In recent years, wild boars in Noord-Brabant and Limburg have increased in numbers and distribution outside the designated habitat for this species. This development entails potential risks for road safety and increases the chance of agricultural damage due to feeding and rooting behaviour. In addition, wild boars can pose a risk to livestock farming because they can play a role in the transmission of animal diseases. A recent threat is the spread of African Swine Fever in Europe, with an outbreak in Belgium being the closest location (EFSA Panel on Animal Health and Welfare, 2018). For the adequate management of wild boars and the (model-based) estimate of transmission risks of animal diseases, it is essential to have insight into the numbers of animals per area, the fluctuations within and between years (population dynamics) and the role of migration and dispersion in these fluctuations (degree and sources of influx). It is also important for the management and assessment of transmission risks to have an overview of the land use and the effect of management measures (including hunting methods) on the land use. In Noord-Brabant and Limburg, however, only limited (count) data are available and an accurate insight into each of these factors is lacking. The aim of this study is to gain a thorough understanding of the actual numbers of wild boars. Migration, reproduction and mortality play an important role in this.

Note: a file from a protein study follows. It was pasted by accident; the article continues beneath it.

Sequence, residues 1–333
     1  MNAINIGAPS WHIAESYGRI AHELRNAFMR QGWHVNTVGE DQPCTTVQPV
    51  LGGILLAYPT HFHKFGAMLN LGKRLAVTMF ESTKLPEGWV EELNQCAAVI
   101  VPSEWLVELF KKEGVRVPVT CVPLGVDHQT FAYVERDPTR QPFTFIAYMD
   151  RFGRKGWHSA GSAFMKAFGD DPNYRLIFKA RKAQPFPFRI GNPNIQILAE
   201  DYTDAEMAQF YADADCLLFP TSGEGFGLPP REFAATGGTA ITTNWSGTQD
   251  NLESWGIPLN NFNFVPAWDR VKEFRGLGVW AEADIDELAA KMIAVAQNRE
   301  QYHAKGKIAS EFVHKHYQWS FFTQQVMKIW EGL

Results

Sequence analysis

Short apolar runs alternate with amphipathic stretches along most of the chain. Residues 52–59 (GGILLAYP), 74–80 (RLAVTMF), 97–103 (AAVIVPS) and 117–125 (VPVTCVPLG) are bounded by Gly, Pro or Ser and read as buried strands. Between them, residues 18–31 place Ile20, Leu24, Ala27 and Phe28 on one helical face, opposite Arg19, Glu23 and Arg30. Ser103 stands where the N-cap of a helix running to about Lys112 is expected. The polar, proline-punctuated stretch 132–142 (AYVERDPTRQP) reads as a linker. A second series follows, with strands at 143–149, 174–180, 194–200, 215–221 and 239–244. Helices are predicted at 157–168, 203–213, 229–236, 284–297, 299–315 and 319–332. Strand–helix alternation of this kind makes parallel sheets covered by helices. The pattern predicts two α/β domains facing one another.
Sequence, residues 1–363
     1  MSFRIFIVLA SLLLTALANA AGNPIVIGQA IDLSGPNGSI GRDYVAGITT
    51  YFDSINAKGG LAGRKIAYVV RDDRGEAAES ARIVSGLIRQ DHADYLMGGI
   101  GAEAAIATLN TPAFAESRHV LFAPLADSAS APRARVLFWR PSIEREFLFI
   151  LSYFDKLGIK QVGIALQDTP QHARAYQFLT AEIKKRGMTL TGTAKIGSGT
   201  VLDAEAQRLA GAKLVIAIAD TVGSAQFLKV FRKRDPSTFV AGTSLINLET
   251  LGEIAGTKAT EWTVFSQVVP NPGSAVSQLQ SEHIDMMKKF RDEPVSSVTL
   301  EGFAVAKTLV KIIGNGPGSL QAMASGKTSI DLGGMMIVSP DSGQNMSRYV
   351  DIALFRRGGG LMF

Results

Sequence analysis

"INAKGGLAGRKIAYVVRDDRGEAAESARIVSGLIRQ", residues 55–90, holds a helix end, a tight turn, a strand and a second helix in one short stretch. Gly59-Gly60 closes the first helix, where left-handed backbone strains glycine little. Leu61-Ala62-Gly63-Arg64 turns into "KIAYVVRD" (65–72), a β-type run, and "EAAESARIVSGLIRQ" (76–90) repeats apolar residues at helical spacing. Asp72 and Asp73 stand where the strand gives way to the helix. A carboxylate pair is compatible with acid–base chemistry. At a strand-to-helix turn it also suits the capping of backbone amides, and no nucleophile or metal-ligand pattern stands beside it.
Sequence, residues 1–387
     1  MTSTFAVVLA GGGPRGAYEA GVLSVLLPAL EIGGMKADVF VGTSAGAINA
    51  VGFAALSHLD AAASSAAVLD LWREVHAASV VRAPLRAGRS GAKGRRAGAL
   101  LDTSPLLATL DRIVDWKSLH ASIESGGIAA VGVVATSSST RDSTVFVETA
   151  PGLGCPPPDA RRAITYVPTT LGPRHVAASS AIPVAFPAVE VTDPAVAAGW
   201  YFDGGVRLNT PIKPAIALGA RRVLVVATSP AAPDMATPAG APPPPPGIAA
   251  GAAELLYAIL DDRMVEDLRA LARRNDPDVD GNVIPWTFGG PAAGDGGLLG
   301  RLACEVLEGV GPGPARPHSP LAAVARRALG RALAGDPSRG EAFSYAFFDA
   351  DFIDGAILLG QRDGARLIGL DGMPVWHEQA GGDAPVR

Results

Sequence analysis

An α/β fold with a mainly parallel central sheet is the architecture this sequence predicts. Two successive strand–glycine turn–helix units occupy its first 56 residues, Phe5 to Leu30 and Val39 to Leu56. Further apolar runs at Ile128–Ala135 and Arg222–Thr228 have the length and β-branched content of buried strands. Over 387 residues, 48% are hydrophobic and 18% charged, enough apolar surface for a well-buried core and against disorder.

The research answers the following questions:
Is it possible to gain better insight into:
a. the exact number of boars in a sub-area?
b. the development of the population size per sub-area over time?
c. the extent of (after) growth, mortality and migration, and thus fluctuations in population size during the year (population dynamics)?
d. the sources of any immigration
Is it possible to get a better indication of the total population size in a larger area by extrapolating the genetically determined population size?
|Effective start/end date||1/01/21 → 31/12/22|